Germany Steps Up Virus Checks at French Border to Fight Variants
Germany imposed a Covid-19 test requirement along a stretch of the French border to fight the spread of virus mutations, underscoring the pandemic’s threat to maintaining open borders in the European Union.
While avoiding the kind of full-scale border controls that have irked Austria and the Czech Republic, the policy means people entering Germany from France’s Moselle department will be subject to police spot checks in the hinterland, an Interior Ministry spokesman in Berlin said Sunday.
Germany’s Robert Koch Institute health agency has declared Moselle a region with an elevated incidence of virus variants, meaning travelers entering Germany from Moselle will have to be able to present a negative Covid-19 test no older than 48 hours. France unveiled similar measures for its side of the regional border last week.
French European Affairs Minister Clement Beaune earlier Sunday expressed concern that Germany was considering an end to borderless travel in the region. “We don’t want that,” he said on France Inter. The German Interior Ministry spokesman later said “no border controls are foreseen.”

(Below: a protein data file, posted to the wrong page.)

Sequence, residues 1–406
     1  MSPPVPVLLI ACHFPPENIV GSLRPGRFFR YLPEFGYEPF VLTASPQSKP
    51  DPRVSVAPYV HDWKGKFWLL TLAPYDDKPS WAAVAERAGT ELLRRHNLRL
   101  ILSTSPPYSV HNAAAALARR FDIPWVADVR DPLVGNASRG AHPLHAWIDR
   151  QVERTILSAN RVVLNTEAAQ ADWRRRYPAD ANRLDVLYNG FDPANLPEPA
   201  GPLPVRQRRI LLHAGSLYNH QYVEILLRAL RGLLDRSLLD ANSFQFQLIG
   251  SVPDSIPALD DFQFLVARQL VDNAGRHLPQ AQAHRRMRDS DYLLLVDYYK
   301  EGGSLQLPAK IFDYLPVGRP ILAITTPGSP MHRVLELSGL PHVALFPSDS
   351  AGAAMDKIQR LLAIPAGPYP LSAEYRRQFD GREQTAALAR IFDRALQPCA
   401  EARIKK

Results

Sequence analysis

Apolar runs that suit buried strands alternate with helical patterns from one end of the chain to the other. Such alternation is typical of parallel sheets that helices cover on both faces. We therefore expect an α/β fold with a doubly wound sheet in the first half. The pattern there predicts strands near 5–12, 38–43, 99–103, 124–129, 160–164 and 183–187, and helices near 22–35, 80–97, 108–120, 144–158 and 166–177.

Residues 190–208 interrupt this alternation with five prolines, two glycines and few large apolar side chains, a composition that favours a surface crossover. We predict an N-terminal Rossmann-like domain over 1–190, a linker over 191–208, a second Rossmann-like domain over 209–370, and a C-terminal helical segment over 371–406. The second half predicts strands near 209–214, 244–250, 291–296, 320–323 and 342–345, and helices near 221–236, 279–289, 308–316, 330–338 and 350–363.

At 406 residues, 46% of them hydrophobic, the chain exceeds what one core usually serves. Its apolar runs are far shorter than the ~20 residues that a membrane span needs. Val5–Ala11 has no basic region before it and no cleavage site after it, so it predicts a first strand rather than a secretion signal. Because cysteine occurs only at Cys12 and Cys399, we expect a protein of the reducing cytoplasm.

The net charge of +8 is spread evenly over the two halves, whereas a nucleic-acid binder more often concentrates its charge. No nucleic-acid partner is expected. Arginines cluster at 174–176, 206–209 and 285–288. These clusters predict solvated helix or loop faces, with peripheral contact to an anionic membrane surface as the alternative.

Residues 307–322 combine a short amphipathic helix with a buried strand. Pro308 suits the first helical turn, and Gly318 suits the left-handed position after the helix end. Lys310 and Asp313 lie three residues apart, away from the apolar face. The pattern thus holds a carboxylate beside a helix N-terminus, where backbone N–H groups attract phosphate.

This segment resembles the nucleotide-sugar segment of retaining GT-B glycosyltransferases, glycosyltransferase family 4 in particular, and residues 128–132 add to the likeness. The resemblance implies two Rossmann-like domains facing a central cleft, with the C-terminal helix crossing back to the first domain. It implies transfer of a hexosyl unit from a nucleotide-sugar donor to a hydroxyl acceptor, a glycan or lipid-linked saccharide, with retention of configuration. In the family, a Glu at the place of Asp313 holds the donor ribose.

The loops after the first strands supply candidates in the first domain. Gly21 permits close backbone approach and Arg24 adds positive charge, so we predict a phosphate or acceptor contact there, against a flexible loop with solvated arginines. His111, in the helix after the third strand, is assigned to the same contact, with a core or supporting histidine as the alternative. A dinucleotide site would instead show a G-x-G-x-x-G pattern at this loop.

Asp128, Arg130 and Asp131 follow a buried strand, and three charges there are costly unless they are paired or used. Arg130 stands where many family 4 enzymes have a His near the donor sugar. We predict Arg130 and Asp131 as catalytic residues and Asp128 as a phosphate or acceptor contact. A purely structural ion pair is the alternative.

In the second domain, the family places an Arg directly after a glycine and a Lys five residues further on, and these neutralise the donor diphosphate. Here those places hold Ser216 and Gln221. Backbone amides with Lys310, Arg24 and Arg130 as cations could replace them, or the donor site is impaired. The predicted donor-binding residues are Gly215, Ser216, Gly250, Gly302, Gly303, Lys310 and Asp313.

The tightening affects about 120 kilometers (75 miles) of border between Moselle and the German state of Saarland. Germany’s measures take effect on Tuesday, the Saarbruecker Zeitung newspaper quoted Saarland state government spokesman Alexander Zeyer as saying.
The reciprocal measures by the EU’s two biggest economies are less onerous than border restrictions Germany imposed on two other neighbors two weeks ago, when entry to Germany from the Czech Republic and Austria’s Tyrol province was restricted to German citizens and residents. More-infectious variants of the coronavirus are widespread in those two areas.
Moselle is the only French mainland department where the so-called South African variant is spreading rapidly, prompting French authorities to impose additional restrictions including a weekend curfew.
©2021 Bloomberg L.P.